Lightning Returns: Final Fantasy XIII raised the impeccably groomed eyebrows of the entire gaming industry when it was announced in late 2012. While there’s often reason for celebration when publisher Square Enix unveils a new game, the previous two entries in the Fabula Nova Crystallis series proved divisive. As such, not many people expected a third instalment.
And judging by the reviews, the Japanese company may wonder why it even bothered, as its pink-haired protagonist’s latest escapade has not exactly emerged glowing with critical acclaim. Current evaluations are mixed, with the battle system drawing plenty of praise, but the dismal script and woeful characters attracting the wrath of most reviewers’ reports.
In classic round up style, we’ve compiled a number of must read appraisals for your viewing pleasure. Our own verdict is forthcoming, so if none of these tickle your fancy, you may want to wait a little longer for that.
Eurogamer.net - 8/10
It's a strong end to an uneven trilogy, then. There is little consistency across the three games, from the ultra-focused linearity of Final Fantasy 13, to the dimension-hopping skittishness of its sequel and on to this almost entirely freeform conclusion. It's a deliberate demonstration from the team that it's able to deliver on various approaches to game design (and tone) within the Final Fantasy umbrella. From its dazzling battle system to its overarching temporal puzzle, this is the best of the set – even if it's dragged down by an exhaustingly impenetrable plot that its creators will no doubt be pleased to be done with.
IGN - 7/10
Lightning Returns: Final Fantasy XIII is a strange end to Square's trilogy. Its fresh combat system is a great success, and the well-designed world provides more than enough reason to play through the end of Lightning's journey. At the same time, the incredibly inconsistent tone and underwhelming plot caused any story-based satisfaction to completely elude me. Lightning Returns is a good game, but one that forgets that a big part of what make the Final Fantasy games so memorable is how they created characters we could care about.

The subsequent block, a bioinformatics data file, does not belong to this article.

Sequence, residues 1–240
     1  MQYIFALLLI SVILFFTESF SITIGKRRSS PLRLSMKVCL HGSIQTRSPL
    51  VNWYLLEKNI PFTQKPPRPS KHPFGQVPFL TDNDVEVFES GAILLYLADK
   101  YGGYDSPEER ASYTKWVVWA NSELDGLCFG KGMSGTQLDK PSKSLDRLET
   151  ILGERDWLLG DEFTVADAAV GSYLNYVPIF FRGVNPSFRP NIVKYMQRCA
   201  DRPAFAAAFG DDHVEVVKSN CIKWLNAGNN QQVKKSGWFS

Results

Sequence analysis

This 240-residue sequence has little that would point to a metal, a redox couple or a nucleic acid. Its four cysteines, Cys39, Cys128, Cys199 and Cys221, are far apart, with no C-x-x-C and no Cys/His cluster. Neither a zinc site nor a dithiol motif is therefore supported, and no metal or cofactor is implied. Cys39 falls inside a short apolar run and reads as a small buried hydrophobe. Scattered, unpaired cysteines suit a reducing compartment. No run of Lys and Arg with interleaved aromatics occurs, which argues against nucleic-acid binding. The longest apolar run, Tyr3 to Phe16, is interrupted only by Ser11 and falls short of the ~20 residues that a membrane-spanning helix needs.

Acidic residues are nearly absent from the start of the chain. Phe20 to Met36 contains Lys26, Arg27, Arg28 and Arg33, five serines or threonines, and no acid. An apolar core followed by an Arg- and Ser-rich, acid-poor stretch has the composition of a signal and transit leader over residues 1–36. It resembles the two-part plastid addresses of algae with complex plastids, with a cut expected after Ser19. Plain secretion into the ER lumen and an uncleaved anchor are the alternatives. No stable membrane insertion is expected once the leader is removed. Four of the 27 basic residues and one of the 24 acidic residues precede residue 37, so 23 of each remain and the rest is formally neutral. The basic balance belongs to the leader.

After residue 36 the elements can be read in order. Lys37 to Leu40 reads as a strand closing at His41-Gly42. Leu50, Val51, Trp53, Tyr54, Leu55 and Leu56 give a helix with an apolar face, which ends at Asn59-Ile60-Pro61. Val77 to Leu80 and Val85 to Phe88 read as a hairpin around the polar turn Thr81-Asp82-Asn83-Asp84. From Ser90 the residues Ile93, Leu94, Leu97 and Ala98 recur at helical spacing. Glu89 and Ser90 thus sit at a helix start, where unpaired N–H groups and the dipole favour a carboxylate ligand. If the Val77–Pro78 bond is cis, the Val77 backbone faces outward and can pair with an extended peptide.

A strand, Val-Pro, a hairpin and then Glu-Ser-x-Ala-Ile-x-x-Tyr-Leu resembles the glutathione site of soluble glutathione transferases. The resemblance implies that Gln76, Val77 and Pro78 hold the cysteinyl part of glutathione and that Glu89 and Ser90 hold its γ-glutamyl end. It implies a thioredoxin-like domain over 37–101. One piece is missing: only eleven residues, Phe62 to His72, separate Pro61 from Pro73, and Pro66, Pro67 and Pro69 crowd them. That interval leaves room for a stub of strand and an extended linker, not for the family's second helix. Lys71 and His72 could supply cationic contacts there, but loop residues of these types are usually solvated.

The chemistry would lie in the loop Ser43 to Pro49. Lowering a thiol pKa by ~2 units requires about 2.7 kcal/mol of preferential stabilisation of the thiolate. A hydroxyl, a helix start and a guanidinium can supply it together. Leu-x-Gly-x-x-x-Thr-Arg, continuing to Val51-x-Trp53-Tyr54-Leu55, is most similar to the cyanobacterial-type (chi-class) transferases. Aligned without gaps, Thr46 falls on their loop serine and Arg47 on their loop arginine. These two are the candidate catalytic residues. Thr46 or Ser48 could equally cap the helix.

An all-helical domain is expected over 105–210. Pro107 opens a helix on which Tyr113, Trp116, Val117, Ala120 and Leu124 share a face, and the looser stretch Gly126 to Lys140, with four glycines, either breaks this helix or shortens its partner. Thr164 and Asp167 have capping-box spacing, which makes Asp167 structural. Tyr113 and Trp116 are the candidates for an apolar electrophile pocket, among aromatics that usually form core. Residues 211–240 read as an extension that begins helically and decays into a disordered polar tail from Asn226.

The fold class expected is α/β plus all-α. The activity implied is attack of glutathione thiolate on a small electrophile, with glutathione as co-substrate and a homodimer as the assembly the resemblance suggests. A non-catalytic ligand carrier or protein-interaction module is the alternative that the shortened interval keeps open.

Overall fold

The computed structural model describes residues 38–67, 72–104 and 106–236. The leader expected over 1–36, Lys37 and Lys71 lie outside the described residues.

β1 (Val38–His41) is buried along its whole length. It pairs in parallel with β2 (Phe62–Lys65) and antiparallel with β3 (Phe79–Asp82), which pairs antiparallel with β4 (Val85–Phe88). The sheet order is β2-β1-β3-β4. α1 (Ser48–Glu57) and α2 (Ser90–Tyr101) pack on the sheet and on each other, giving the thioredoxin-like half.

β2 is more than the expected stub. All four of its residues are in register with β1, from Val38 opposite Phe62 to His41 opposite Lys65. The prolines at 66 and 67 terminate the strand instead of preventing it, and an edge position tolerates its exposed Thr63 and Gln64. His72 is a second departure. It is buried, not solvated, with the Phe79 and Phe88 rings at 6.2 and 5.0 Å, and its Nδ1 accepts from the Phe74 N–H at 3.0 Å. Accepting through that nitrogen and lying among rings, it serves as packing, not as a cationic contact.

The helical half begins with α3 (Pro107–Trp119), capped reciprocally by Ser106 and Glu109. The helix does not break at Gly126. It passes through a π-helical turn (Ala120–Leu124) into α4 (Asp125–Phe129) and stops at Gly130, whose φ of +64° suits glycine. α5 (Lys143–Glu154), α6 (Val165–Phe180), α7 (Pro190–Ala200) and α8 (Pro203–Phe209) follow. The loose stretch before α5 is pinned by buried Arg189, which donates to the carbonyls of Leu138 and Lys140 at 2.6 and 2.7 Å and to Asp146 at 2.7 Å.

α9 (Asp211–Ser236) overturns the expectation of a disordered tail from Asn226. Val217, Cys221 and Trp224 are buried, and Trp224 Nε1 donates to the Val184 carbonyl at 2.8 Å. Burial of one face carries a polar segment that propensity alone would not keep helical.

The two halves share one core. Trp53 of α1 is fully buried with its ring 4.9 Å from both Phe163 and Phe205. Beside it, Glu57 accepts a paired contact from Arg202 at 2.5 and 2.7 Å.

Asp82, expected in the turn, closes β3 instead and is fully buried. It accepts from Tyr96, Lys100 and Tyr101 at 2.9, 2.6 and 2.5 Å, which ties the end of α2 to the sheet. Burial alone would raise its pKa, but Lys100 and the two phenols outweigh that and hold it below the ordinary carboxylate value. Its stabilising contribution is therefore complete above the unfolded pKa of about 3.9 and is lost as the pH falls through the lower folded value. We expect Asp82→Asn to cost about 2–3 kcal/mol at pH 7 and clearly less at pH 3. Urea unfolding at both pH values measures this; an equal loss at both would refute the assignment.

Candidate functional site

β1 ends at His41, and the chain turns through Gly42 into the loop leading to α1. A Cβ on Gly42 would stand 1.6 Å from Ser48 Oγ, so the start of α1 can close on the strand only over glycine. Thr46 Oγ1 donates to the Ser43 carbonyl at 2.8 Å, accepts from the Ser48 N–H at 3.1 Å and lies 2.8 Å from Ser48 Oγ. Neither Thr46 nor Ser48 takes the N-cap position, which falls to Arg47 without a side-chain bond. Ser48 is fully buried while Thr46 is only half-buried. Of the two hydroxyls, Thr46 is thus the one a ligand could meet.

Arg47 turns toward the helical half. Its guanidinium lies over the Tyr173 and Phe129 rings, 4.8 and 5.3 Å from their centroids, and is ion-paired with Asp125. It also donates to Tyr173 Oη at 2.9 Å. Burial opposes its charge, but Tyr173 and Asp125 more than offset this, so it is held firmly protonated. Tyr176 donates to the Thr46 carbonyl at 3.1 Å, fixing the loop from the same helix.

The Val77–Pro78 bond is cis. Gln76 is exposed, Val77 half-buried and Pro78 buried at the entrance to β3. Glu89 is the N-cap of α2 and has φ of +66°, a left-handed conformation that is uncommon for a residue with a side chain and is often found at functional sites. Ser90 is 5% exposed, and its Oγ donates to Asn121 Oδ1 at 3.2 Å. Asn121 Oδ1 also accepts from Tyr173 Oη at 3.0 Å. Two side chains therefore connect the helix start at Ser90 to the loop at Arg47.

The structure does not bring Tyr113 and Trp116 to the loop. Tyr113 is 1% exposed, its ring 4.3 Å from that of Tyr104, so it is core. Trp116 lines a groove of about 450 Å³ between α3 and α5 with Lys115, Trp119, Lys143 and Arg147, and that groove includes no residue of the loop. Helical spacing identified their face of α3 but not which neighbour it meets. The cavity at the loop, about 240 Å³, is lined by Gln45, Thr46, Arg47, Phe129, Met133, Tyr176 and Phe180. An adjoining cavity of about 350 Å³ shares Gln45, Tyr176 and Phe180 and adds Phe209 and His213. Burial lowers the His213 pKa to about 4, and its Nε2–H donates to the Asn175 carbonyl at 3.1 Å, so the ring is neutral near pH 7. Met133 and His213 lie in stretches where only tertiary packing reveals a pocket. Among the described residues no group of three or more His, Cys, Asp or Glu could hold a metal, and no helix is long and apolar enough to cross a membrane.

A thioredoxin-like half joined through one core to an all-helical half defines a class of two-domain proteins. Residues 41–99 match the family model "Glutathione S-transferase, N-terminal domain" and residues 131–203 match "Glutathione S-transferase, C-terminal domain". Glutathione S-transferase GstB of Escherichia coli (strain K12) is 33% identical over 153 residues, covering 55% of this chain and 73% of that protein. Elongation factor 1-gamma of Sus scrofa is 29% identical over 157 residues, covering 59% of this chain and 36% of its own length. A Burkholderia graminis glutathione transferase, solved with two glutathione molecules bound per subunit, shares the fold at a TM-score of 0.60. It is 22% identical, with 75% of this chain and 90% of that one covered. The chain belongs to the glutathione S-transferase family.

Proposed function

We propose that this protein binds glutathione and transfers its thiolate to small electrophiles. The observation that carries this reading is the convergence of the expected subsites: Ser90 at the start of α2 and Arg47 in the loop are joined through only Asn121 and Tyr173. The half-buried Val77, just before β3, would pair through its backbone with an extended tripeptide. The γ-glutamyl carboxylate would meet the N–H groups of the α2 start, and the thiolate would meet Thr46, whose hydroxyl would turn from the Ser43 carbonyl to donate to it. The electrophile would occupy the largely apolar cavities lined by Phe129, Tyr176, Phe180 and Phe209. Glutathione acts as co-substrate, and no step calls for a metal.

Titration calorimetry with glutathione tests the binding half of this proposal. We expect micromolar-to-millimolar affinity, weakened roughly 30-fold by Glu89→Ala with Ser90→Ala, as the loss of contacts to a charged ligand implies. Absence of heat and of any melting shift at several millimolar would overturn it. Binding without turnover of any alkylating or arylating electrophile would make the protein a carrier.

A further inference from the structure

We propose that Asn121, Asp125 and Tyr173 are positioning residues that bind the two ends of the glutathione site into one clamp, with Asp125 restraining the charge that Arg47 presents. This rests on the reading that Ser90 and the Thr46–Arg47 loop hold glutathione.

Game Informer - 7/10
Final Fantasy XIII and XIII-2 trained me to look past a bad plot and appreciate good gameplay, but the positives are more buried and harder to see in Lightning Returns. It makes the same mistakes with its narrative, and swaps out systems that worked (like monster collection and the crystarium) for half-baked concepts that don’t hit the same high notes. The conclusion of a trilogy presents the opportunity for an emotional farewell to a beloved cast and world, but Lightning Returns only left me relieved to see this adventure end.
Metro - 5/10
Compounded by the nonsensical script and one-dimensional characters it’s as if the game is specifically designed to feel as shallow and disconnected as possible. Lightning Returns might be an enjoyable enough folly for fans, but there’s very little here for anyone else. And it certainly offers no compelling glimpse of the franchise’s future, just a long list of things it should avoid doing again.
Gamespot - 5/10
This supposedly final chapter of Nova Chrysalia's story leaves me befuddled. It's a collection of ideas and concepts that don't come together in a coherent way, led by a character who has shown no identifiable growth since her first appearance four years ago. The promising schemata system and grandiose cutscenes are solid pillars from which a great RPG could have been constructed, but Lightning Returns: Final Fantasy XIII falls well short of greatness.
Are you disgruntled by the downpour of criticism being pointed at Lightning Returns: Final Fantasy XIII, or do you think that the assessments seem fair? Are you glad to see an end to the Fabula Nova Crystallis story arc, or will you be sad to see it go? Whimper like Hope in the comments section below.